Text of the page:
Six years ago I was functioning under the misconception that I was a non-prepper married to a mega prepper. Turns out, as most rural folks are, I was a prepper and didn’t even know it. When I “came out” as a prepper to the sheeple in my life, the shocked, baffled, and incredulous looks on their faces told me all I would ever need to know about what non-preppers think about the prepared.
The sheeple immediately cast a paranoid nut job label on us, stereotyping the entire prepared community as uneducated rednecks hunkered down in their bunker clinging to their stockpile of pork and beans while holding a machine gun at the ready. Ironically, many of the same folks hurling ridiculous insults against another group of people are liberals who claim to loathe narrow-minded labels, stereotypes, and profiling – but I digress.
Six years ago, a severe summer storm blew threw out region and took out the power lines for more than a week. As you can expect, city people were far less able to deal with such a short-term crisis than us country folk who have generators, gasoline stored in our garages, gardens growing out back, and are able to hunt and fish – and have guns to protect ourselves from the looting that never occurred in our rural country.
It was then that I realized what being a prepper really meant and would mean in the future. Living in a rural area, most everyone knows how to grow and preserve food, hunt and fish for food, find and treat water from a creek or pond, and protect themselves. So, even though I never actually thought of myself as a prepper, I had the right mindset and a handful of skills.
It does not take long to evaluate how prepared you are…and aren’t, when a small disaster like this happens. There was no operational gas station within 30 miles. The few stations that did open in the next county over did not do so until day three after the storm – and placed a $15 limit on fuel purchases. This was when gas was almost $4 per gallon.
Most folks here drive gas-guzzler 4-wheel drives so they can get around in the winter and haul equipment to and from their farms. The $15 in gas only go us to where we could futility search for ice, water, and food and then back home again. I neglected to mention we were going through a heat wave at the time, it was literally 103 most days during the regional disaster.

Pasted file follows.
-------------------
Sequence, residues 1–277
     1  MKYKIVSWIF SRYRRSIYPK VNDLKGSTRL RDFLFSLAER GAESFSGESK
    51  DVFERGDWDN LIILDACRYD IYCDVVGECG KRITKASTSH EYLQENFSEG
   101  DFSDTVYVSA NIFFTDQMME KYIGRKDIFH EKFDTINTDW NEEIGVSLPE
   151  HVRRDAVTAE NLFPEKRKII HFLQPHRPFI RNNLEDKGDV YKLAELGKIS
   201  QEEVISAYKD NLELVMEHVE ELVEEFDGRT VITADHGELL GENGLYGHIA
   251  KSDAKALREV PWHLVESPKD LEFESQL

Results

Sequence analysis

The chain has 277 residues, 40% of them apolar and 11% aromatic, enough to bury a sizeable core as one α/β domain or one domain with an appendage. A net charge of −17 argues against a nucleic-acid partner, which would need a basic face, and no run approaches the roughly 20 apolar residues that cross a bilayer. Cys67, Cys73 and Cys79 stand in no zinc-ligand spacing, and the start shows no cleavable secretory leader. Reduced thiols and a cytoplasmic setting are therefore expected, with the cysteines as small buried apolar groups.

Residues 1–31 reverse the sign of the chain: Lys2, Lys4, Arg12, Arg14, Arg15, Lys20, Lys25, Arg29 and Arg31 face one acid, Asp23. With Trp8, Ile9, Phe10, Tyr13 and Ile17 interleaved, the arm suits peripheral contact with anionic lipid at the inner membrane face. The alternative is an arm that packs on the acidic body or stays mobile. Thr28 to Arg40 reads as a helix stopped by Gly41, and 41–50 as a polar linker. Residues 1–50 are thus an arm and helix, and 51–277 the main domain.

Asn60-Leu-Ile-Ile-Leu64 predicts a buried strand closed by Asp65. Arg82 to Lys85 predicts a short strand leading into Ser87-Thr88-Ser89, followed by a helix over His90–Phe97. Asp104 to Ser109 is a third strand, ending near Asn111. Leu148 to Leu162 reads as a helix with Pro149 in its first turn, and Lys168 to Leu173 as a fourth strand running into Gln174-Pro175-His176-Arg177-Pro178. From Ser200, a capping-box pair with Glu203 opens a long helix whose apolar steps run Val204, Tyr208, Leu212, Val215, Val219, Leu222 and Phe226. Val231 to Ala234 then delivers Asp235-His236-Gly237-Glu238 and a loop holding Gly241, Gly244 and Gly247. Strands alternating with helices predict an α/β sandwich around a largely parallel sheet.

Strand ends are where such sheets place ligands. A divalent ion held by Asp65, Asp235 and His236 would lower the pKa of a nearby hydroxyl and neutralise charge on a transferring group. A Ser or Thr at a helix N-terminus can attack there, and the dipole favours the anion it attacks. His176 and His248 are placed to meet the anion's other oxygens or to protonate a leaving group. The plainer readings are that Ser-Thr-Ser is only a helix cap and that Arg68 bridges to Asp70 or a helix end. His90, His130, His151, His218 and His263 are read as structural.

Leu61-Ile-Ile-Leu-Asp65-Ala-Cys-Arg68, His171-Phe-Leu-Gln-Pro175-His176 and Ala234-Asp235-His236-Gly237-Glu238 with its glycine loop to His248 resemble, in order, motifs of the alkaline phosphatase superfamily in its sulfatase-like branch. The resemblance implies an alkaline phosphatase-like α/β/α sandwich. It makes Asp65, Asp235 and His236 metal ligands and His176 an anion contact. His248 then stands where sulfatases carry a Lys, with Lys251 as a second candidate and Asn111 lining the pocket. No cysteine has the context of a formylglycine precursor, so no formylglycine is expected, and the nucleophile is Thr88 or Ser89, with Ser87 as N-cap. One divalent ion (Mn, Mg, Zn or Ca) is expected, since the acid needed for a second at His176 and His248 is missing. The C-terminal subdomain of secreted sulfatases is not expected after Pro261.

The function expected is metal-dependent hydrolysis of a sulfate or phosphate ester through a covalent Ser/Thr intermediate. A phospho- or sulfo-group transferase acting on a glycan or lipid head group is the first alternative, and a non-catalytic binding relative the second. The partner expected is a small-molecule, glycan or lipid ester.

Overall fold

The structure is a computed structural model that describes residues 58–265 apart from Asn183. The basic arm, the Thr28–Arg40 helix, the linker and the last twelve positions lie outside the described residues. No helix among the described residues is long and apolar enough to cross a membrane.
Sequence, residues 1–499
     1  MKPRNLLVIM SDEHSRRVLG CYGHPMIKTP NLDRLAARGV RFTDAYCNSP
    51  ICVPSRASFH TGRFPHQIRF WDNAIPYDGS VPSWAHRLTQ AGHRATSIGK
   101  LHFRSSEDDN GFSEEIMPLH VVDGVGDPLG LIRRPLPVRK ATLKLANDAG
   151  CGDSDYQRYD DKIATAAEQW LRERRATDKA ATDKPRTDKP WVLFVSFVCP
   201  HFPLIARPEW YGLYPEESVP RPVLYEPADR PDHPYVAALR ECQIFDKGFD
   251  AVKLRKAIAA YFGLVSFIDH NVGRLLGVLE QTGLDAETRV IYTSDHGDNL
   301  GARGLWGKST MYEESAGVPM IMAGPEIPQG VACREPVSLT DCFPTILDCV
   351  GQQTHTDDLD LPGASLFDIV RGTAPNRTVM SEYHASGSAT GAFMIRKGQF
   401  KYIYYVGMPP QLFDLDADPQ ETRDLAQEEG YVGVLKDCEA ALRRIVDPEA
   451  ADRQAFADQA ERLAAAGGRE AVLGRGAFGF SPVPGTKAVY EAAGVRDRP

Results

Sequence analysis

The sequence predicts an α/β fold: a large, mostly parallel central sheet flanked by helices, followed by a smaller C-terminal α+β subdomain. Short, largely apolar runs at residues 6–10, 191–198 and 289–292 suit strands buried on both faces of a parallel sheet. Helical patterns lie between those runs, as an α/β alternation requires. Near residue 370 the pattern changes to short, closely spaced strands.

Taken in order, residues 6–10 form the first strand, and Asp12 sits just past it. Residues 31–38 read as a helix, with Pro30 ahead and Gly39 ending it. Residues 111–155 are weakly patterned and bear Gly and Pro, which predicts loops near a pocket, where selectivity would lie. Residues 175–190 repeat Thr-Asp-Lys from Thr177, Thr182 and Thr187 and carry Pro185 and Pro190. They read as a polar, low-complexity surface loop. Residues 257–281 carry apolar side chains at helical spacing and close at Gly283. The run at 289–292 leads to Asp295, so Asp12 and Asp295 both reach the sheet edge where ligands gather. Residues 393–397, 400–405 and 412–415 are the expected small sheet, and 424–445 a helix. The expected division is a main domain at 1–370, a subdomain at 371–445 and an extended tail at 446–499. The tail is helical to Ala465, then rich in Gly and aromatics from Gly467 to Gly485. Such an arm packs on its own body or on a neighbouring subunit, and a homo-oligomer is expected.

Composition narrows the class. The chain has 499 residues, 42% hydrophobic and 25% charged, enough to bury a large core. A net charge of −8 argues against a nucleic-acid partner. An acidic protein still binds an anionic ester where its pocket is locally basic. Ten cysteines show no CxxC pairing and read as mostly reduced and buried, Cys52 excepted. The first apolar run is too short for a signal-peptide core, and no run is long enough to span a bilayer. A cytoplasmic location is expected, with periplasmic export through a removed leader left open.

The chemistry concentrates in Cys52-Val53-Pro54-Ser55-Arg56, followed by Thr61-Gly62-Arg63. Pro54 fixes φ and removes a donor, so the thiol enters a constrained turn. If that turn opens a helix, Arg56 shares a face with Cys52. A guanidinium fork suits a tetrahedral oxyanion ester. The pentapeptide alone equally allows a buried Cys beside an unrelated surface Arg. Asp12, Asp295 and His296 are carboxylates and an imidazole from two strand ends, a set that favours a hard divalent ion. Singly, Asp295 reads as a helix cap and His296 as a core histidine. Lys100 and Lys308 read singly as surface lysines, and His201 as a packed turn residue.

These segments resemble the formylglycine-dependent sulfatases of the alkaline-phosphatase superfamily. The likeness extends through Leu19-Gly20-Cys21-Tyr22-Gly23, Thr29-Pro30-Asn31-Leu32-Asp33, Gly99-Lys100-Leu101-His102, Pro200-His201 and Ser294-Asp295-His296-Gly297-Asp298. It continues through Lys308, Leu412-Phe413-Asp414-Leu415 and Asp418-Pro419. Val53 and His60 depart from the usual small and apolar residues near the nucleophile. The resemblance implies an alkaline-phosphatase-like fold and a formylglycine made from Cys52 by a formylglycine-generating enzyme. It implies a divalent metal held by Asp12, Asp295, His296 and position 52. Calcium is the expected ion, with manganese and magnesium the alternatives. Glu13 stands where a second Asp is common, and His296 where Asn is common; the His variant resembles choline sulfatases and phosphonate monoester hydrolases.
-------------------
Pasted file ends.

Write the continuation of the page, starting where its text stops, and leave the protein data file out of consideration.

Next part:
FEMA did arrive to help – four days after the storm. They did not bring enough ice of water to serve even half the residents in the county and had not bothered to coordinate the relief effort with the regional FEMA director, so no volunteers were there to help unload, there was not enough traffic control and people were running out of gas waiting on blocked roadways for up to two hours at a time – as the ice the FEMA staffers placed out on pallets melted in the sun.
Only one bag of ice and one case of water per car was allowed, no exceptions for residents who car-pooled because they had no gas for their cars or who were picking up the rations for an elderly neighbor. Bad day for the county, but a day that surely made me glad to be a kinda prepper married to a serious prepper!
When residents were warned to conserve water because there was only a 3-day reserve and available unless the power came back on (it didn’t) panic swept through far too much of the country and the emergency water supply was gone in 24 hours. Many folks would have gone hungry if my rural friends and neighbors had not taken it upon themselves to organize a community cookout at the high school, to share food from their refrigerators before it spoiled.
The storm cost us our grocery store, a new one did not open for four years after the storm. The owners allowed people to come in carrying flashlights and write down what they took and an IOU for the food to help the unprepared who had neither food nor cash to buy anything because all the banks were closed and ATM machines and credit card machines were not operational either.